When I was growing up in Ireland my mother and grandmother spoke a form of English, peppered with Irish words. It wasn’t until I moved to America that I came to realize how many expressions escape my lips that are nowhere to be found in the Oxford English dictionary.

When polishing furniture I was always told to put a “snas” on it rather than a shine. We’d pass the “bainne” around the table, not the milk. When telling of old wives tales we’d refer to “piseoige” rather than superstitions, and to this day I find it very hard to think of the word superstition.

I learned to speak Irish during my 13 years of schooling in Ireland. My mother completed her education through Irish, and many of the bedtime stories she read to us when we were children were in Irish.

When I left Ireland over 20 years ago, I was pretty much fluent in the language. Alack and alas, I have not used it much since and my vocabulary is disappearing pretty fast.

The only time I used Irish in the past few years was after my triplets were born. One of my little boys had terrible colic, and the only thing that settled him was a bout of swinging and singing in Mommy’s arms. Now I am no singer, but when I lilted old Irish tunes he always seemed to settle. I laughed when I read the following quote. I agree wholeheartedly.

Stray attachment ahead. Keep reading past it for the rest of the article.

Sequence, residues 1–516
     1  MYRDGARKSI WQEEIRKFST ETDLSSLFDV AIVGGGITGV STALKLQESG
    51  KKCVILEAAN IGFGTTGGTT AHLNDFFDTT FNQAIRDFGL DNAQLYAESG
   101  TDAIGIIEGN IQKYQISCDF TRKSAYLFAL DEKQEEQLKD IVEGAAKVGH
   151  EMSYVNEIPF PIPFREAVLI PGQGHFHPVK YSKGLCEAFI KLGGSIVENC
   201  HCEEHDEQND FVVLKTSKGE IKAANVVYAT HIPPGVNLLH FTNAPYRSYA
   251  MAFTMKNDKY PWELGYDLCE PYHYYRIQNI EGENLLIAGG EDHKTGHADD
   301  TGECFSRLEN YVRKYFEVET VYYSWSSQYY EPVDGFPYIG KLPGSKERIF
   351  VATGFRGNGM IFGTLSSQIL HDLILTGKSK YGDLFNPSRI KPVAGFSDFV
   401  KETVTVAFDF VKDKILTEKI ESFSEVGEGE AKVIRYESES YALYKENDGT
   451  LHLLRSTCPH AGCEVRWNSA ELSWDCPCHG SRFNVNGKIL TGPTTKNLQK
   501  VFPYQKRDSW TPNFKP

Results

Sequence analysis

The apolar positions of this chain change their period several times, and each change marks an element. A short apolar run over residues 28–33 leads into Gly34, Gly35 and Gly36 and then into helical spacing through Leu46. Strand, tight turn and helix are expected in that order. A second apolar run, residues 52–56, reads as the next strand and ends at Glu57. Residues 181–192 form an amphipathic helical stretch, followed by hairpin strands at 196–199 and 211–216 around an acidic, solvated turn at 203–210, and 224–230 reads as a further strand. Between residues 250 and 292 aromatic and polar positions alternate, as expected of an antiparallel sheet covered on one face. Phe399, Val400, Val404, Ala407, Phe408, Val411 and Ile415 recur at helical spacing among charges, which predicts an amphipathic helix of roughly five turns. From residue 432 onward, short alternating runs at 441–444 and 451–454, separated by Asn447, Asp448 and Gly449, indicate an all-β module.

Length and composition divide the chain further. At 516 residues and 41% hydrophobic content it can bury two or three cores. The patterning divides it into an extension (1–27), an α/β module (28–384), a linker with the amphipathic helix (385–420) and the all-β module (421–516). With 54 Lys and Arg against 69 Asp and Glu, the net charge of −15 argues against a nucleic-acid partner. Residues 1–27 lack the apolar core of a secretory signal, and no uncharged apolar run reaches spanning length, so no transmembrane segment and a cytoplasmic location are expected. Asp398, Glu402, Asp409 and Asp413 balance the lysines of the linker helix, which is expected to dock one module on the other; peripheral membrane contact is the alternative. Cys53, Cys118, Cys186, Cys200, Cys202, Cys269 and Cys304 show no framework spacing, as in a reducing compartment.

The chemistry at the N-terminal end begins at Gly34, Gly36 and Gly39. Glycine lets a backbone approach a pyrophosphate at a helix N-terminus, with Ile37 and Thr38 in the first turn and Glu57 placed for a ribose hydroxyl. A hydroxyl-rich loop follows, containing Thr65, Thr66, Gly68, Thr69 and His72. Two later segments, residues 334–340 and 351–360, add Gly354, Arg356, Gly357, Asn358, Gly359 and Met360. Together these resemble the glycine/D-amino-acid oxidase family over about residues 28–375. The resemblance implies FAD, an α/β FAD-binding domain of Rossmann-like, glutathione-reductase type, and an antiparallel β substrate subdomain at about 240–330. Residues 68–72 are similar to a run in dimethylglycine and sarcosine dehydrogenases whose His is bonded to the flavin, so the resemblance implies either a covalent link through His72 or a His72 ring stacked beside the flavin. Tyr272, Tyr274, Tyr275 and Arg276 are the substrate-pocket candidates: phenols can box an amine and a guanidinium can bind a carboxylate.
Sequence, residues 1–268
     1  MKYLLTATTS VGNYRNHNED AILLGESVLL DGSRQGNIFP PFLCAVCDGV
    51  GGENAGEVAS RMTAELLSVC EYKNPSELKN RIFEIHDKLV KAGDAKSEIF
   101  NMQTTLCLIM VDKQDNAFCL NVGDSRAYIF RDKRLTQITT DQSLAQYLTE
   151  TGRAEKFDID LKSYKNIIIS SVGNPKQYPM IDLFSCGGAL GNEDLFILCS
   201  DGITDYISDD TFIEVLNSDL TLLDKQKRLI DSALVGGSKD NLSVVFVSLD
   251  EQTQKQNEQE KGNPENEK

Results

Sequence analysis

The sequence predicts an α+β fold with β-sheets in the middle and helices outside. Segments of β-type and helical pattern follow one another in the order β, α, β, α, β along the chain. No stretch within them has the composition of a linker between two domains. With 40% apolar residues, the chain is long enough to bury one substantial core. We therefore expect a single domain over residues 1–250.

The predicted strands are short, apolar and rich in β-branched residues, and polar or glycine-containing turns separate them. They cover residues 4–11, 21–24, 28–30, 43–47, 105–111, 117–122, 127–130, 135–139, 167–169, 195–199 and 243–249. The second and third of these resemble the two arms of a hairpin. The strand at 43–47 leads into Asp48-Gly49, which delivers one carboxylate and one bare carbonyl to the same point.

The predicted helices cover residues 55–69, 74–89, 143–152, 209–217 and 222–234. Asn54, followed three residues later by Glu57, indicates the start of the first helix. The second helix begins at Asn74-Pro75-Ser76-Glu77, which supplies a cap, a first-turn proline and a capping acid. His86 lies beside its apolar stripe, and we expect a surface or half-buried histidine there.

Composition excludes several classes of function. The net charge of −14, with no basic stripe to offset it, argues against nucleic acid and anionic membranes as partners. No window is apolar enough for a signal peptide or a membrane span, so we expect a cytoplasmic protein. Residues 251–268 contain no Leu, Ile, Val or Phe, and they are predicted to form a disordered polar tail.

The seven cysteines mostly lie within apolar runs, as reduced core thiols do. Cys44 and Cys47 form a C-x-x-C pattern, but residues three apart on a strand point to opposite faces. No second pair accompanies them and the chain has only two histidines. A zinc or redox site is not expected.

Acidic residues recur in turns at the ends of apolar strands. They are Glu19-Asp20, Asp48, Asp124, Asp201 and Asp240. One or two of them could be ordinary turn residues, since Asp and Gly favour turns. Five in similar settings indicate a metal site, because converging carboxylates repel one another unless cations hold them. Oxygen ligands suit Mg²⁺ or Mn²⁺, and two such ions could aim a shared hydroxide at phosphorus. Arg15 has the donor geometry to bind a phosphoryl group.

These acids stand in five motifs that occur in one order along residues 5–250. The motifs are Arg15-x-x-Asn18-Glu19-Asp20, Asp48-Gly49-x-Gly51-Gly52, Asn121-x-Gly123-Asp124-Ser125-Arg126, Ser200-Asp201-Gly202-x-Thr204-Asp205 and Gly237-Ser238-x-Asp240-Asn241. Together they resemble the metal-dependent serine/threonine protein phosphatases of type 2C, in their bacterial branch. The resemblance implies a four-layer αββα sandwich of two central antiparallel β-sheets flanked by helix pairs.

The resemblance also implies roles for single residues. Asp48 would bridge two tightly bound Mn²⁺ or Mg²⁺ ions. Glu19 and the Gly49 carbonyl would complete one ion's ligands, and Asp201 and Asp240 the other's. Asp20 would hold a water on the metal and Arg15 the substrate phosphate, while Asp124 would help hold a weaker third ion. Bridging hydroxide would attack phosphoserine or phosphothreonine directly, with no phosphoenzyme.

“There is no language like the Irish for soothing and quieting.”

- John Millington Synge

It saddens me when I realize my children have little knowledge of the language of their forefathers, a beautifully expressive tongue. I remember learning of Pádraig Pearse’s belief that our language is the soul of our country.

“Tír gan teanga, tír gan anam.”

“A country without a language is a country without a soul.”

- Pádraig Pearse

I would love to revive my own mastery of the Irish language, and start introducing my children to some words. Since starting my blog I have learned there are some incredible resources for learning Irish on the internet.

Do you find certain Irish phrases / slang have stuck with you?

 

Let us know below.

* Mairead Geary came to America for one year 20 years ago. She now lives with her husband and children in Kentucky and is proud to be an American citizen. Read more on her blog here.

The top 10 most popular Irish surnames.Getty